Systematic surveillance

The Bureau will also develop and monitor a database on every crime under this Act. Such systematic surveillance of offenders will, in about three years, not only help prevent trafficking but pre-empt it. The Bill does its bit. Now we must all come together to use it to deliver justice.

Most clauses have little to do with trafficking and more do to with imposing surveillance

The Trafficking of Persons (Prevention, Protection and Rehabilitation) Bill, 2018, fails in its fundamental purpose, i.e. it does not address the issue of trafficking.

Let us first be clear on what we understand by trafficking. ‘Traffic’ means to trade something. It’s a transaction, and refers to the act of buying and selling. ‘Traffic’ or ‘trafficking’ is not wrong per se, but it is pejorative when the transaction involves prohibited goods such as narcotics or firearms or if it involves people. Article 23 of the Constitution prohibits “traffic in human beings and forced labour”. This means that human beings cannot be bought and sold.

Proscribes legitimate activity

Barring one provision of the anti-trafficking Bill which criminalises the act of “buying or selling a person for a consideration,” the rest of the clauses do not address this aspect at all. They either criminalise acts that are already punishable under other laws or proscribe activities that are not only legitimate but also constitutionally protected. An example of the former is the ‘new’ offence of “trafficking for the purpose of begging”. Employing or causing someone to beg is already a criminal offence under anti-begging laws. Similarly, unauthorised immigration of citizens and foreigners is dealt with under the Passports Act, 1967, and the Foreigners Act, 1946, respectively. There is nothing novel in the proposed offence of “encouraging or abetting any person to migrate illegally into India or Indians in to some other country”. Besides, illegal migration does not involve elements of ‘trade’ in human beings or trafficking. To term it an “aggravated form of trafficking” is questionable in itself.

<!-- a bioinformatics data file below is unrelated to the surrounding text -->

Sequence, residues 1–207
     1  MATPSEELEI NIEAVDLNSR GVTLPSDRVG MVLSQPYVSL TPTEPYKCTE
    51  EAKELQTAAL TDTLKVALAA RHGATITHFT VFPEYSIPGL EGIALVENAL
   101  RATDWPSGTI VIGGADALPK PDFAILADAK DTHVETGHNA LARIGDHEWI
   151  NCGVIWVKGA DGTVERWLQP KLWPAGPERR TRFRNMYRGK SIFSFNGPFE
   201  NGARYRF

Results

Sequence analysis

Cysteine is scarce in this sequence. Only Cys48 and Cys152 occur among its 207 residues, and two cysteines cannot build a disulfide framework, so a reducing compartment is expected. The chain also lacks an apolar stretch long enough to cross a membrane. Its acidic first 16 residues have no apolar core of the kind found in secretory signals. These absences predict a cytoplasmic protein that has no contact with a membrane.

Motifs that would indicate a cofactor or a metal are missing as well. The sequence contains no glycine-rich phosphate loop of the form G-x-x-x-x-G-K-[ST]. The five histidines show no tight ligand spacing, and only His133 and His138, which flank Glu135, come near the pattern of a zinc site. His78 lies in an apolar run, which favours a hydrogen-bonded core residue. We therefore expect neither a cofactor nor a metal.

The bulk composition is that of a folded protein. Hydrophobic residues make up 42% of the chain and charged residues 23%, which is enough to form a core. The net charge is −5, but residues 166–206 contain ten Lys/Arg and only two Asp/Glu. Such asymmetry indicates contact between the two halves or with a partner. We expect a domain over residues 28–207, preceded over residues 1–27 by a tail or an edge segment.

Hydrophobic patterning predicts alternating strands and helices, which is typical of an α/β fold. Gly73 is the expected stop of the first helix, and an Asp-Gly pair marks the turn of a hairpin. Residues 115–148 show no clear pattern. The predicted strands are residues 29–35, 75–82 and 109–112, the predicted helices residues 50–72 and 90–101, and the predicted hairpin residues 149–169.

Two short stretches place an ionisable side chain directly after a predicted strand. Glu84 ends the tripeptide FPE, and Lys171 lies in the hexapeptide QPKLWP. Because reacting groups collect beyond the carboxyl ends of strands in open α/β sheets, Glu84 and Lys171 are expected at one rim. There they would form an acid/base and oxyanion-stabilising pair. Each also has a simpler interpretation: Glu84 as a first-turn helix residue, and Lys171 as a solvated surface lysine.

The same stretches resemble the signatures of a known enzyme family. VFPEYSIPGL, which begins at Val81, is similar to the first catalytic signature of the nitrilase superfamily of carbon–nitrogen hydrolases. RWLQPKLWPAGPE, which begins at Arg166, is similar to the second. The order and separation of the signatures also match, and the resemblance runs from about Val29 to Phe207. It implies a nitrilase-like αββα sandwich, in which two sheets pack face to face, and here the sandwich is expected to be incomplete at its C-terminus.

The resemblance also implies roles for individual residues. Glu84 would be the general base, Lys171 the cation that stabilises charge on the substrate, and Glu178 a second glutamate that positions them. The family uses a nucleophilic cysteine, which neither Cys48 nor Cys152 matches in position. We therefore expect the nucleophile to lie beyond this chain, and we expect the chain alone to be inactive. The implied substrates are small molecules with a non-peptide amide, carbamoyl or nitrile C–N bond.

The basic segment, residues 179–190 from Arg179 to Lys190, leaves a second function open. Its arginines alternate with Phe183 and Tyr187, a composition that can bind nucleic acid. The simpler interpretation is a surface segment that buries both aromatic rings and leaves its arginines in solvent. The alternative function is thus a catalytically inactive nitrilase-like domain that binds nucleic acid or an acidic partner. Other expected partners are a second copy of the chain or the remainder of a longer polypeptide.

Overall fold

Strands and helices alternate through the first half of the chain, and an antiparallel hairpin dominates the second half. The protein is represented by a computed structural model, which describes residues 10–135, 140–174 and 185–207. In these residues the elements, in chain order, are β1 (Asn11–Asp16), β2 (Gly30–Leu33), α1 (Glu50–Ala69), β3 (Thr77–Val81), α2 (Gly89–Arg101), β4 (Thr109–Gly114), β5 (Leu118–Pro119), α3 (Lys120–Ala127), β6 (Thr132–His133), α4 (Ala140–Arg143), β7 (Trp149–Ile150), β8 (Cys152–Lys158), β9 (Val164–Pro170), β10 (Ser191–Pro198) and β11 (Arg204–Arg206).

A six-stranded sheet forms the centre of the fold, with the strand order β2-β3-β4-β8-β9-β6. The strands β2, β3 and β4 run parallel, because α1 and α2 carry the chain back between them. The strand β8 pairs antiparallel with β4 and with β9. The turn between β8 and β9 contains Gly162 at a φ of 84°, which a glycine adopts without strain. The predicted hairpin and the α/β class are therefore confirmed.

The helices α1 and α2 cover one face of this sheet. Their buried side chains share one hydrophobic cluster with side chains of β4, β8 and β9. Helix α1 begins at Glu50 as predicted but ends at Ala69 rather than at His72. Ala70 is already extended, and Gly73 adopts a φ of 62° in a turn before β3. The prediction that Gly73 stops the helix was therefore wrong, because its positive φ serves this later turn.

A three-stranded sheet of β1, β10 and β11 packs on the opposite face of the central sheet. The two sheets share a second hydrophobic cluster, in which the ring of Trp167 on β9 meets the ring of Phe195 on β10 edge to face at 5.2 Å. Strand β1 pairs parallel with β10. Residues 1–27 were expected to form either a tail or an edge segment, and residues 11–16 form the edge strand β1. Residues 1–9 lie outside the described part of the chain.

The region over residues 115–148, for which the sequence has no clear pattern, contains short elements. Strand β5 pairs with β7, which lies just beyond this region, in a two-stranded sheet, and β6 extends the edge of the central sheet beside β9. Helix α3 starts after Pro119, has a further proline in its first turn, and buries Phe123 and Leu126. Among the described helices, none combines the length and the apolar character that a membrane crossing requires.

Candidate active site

The Bill also states that “whoever solicits or publicises electronically, taking or distributing obscene photographs or videos or providing materials or soliciting or guiding tourists or using agents or any other form which may lead to (emphasis mine) the trafficking of a person shall be punished with rigorous imprisonment.” This means that no trafficking needs to take place; a remote possibility is sufficient to prosecute persons and shut down websites. It is important to remember that similar provisions of the Information Technology Act, 2000, were struck down by the Supreme Court for being vague and over-broad. Most clauses of the Bill have little to do with trafficking and more do to with imposing surveillance and restricting freedoms through punitive overkill.

Interplay with existing laws

The rhetoric around the Bill will also dissipate when we understand its interplay with existing laws, which have not been overruled or repealed. The anti-trafficking Bill relies on Section 370 of the IPC to define and establish that an offence of trafficking of persons has taken place. Section 370 was introduced in 2013 on the recommendation of the Justice Verma Committee. In order to try offences under the Bill, the prosecution will have to first prove the subsections of Section 370, which are that the victim was transported, recruited, harboured, received or transferred for the purposes of exploiting her/him by using force, abduction, deception, or by abuse of power. Only then will the provisions of the Bill take effect.